The Method

Dispatches From The Edge: The Inner Workout

May 18, 2010
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Here’s a question I get asked sometimes: How can such a simple-looking workout stay fresh, and even get better over time?  Take a Bar Method class, and unless you’re a first-time student, you know that you’ll be doing about ten types of exercise in a set sequence, that this sequence will stay pretty the same and that you’ll be performing small, precise movements during most of the class. This quasi-mathematical approach to exercise would not on the surface seem exciting enough to keep people coming back for months and years. But for most Bar Method students, that’s exactly what it does. The longer they do the workout the more interesting it gets relative to other forms of exercise. “I’ve had a real problem sticking to most exercise programs,” a Chicago student named Christina told me. “but I really enjoy this.” Other students like Kate Forte, a TV writer/producer, tell me simply, “the more I do it, the more I fall in love.”
inner workoutWhat’s going on in a Bar Method class that has this effect on people? Last week a Bar Method Chicago instructor named Mandy Rinder took it upon herself to find out.  Mandy had just begun teaching the Bar Method and felt she was having trouble connecting to her students. To gain insight on how her students were feeling during each exercise, she decided to chronicle her own emotional journey through class.

What Mandy wrote sheds light on the inner thrill ride most Bar Method students are really on underneath the often calm surface appearing on their faces.  Mandy’s inner world while doing the class is a rugged landscape inhabited at different moments by self-doubt, challenge, ego, individual artistry followed by flashes of camaraderie. It is scrappy, mysterious, layered, and at times funny. Here’s a selection of her “dispatches from the edge:”

Push-ups:  “I still feel a moment of doubt or worry at the beginning of each set that THIS is going to be the time I’m going to have to drop back down or stop entirely.  I want to feel a huge rush of exhaustion and pride at the end…”

Thigh-work: “I think everyone knows and views ‘thigh’ as sort of a €˜test’€¦the image of egos dripping off the walls of the studio seems applicable. I again feel that tiny moment of self doubt at the beginning of the set, and often it flashes again during particularly challenging sets, as I wonder if I am going to have to come out of the position or work higher€¦This is immediately followed by that rush of adrenaline and excitement that stiffens my resolve to keep going.”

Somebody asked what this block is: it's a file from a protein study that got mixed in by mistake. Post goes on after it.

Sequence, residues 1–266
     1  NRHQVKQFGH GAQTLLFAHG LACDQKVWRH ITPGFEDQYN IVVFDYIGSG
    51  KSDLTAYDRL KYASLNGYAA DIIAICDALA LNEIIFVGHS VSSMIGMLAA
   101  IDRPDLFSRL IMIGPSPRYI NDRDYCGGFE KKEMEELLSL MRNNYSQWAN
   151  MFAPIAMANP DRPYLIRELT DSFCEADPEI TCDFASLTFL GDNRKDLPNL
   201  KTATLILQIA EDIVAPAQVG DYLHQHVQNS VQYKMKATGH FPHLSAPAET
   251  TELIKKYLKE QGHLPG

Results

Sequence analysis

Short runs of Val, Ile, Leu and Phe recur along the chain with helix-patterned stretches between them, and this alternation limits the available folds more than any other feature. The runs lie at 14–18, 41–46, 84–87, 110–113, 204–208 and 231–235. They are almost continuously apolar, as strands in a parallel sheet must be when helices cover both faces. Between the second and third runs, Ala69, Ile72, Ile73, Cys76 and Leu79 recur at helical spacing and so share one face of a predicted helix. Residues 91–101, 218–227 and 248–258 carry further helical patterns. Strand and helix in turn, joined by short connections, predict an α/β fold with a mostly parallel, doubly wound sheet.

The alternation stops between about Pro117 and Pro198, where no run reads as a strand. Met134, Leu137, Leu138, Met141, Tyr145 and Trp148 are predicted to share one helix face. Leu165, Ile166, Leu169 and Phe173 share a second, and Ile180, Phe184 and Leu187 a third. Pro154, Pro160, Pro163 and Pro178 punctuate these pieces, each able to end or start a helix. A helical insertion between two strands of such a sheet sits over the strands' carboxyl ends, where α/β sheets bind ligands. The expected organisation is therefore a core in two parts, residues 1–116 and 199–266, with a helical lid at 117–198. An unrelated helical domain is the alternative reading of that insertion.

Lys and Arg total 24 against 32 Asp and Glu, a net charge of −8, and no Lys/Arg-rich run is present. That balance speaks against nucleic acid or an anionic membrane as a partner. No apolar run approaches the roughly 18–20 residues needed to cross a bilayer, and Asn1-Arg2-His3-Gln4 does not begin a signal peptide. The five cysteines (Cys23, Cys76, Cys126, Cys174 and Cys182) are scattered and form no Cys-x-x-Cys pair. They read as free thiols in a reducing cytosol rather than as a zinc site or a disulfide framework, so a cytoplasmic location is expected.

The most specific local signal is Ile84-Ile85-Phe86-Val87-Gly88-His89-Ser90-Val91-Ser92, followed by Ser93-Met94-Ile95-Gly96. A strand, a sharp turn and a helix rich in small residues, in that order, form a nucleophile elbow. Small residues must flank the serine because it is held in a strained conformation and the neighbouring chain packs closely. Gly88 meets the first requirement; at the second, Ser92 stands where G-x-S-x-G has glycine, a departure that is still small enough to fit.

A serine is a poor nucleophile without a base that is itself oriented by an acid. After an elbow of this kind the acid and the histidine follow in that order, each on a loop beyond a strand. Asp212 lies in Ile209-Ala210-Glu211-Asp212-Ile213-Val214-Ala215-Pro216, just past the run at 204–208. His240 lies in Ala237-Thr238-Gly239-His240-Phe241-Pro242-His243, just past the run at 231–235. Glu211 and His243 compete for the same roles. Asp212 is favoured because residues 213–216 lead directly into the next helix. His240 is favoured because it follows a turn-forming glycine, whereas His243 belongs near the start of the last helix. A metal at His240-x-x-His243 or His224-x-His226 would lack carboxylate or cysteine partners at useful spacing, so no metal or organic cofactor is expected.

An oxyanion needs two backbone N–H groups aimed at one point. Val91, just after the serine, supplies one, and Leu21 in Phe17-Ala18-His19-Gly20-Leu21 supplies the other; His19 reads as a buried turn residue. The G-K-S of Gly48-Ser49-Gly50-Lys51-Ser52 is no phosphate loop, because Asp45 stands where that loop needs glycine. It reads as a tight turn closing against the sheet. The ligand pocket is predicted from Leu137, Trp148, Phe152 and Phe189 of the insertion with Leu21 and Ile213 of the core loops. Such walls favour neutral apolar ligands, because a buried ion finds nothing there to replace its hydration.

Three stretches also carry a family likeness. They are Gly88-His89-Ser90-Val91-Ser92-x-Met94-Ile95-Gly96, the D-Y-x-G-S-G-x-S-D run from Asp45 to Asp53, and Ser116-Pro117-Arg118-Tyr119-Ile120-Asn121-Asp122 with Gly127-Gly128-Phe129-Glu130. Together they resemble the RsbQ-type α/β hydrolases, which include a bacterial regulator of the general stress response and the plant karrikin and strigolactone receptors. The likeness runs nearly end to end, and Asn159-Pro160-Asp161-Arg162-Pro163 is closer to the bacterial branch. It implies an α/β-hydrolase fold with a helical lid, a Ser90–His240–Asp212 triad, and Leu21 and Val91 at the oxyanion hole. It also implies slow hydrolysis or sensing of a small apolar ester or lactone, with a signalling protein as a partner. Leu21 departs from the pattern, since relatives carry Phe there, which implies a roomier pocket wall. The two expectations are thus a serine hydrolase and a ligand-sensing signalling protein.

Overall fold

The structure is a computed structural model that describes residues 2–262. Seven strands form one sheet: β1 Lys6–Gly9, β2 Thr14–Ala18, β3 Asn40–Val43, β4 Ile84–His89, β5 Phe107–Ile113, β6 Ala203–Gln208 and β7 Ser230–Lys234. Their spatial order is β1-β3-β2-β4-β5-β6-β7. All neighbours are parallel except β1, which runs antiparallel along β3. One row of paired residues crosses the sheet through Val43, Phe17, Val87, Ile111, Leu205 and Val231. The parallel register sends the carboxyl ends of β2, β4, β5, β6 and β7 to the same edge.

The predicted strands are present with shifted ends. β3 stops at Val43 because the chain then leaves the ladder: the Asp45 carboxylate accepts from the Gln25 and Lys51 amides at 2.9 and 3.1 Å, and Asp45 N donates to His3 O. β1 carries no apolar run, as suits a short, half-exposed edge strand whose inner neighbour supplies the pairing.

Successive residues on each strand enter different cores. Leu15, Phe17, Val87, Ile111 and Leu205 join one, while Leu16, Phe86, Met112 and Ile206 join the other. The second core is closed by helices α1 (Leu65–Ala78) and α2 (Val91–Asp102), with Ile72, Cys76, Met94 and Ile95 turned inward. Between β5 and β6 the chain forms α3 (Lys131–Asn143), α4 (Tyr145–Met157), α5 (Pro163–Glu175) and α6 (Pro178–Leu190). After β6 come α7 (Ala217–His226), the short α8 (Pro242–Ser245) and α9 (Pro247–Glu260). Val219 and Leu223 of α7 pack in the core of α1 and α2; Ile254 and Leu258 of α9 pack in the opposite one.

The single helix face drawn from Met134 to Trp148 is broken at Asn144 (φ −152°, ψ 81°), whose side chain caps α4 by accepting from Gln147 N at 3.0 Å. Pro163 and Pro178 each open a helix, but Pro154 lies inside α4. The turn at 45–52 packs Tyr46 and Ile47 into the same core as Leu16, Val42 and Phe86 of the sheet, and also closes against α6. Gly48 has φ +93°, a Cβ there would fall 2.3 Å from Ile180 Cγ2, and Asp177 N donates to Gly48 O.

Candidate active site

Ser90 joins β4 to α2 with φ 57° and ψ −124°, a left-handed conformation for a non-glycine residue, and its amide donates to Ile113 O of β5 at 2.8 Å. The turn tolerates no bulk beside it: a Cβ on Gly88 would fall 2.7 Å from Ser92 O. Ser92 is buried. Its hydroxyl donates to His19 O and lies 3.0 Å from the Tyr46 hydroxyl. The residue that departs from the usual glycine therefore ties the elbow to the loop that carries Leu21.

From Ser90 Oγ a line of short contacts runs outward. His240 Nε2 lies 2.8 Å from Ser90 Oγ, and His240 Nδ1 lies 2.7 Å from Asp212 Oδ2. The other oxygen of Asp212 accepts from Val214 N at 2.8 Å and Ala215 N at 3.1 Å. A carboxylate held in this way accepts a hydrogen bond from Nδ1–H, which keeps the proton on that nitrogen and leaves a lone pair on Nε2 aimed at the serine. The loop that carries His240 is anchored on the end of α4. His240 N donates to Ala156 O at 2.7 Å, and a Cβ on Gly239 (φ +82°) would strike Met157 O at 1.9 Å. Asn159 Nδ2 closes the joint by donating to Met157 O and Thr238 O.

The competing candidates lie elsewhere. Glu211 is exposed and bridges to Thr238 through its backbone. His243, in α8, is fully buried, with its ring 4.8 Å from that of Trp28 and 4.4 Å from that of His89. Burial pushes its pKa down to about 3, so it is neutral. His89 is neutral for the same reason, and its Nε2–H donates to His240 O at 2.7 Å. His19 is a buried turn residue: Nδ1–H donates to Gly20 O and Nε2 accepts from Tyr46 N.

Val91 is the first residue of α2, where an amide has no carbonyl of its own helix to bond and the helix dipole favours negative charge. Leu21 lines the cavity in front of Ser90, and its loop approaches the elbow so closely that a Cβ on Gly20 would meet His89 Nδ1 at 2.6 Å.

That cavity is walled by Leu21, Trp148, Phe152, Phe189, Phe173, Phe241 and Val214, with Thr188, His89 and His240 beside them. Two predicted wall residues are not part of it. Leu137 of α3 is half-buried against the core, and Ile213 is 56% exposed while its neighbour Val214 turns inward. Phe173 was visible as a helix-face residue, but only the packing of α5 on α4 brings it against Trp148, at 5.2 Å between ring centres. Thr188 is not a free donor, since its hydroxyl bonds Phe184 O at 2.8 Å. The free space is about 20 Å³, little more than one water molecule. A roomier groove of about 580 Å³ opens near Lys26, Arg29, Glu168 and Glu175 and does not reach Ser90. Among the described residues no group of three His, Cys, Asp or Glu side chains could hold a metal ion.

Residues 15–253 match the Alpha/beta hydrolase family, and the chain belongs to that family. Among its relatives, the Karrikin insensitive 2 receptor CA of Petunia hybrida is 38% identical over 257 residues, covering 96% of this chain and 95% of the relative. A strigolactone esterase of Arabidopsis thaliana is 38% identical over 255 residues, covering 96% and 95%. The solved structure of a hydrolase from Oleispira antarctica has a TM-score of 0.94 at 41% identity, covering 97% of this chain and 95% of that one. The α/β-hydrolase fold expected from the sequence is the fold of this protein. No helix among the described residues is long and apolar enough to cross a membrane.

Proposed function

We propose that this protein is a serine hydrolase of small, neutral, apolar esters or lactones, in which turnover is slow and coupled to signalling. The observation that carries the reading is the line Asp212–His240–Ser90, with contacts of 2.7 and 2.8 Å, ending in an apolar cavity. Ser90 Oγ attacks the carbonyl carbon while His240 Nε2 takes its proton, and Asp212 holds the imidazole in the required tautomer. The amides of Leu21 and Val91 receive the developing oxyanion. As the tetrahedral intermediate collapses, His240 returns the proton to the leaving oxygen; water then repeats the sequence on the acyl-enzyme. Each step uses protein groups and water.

Seat-work: “I literally feel like a sculptor creating my body.  It is a very individual part of class for me. Everyone is working on their own individual piece of art, and there is less of the camaderie that I feel during thigh or say flat-back.”

Fold-over: “I think of fold-over as kind of the redheaded stepchild of seatwork.  I used to hate fold-over, probably because it feels more €˜blunt’ and less subtle and beautiful than the other seat exercises. Over time I have developed a grudging truce with fold-over, pretty much because at some point I realized that it really worked.  It’s kind of a scrappy little exercise, and because it works my booty AND burns all that extra fat, I will accept it as a means to an end.”

Curl: “The exercise feels very layered to me, like you are unlocking different levels of the exercise.  Curl almost feels like a dive to me. You just keep going deeper and deeper into the exercise.”

Back-dancing: “Back-dancing for me is honestly like a little party at the end of class.  It’s fun and kind of funny and the music is fun PLUS it is the end of class.  I want my clients to have a blast during back-dancing and get a jump start on that €˜post workout’ glowy feeling.”

Your terrain might look different from Mandy’s as you make your way through class.  Even so, if you’re a regular student, you probably travel an inner landscape that’s just as colorful as hers, and that gets more interesting with each class you take.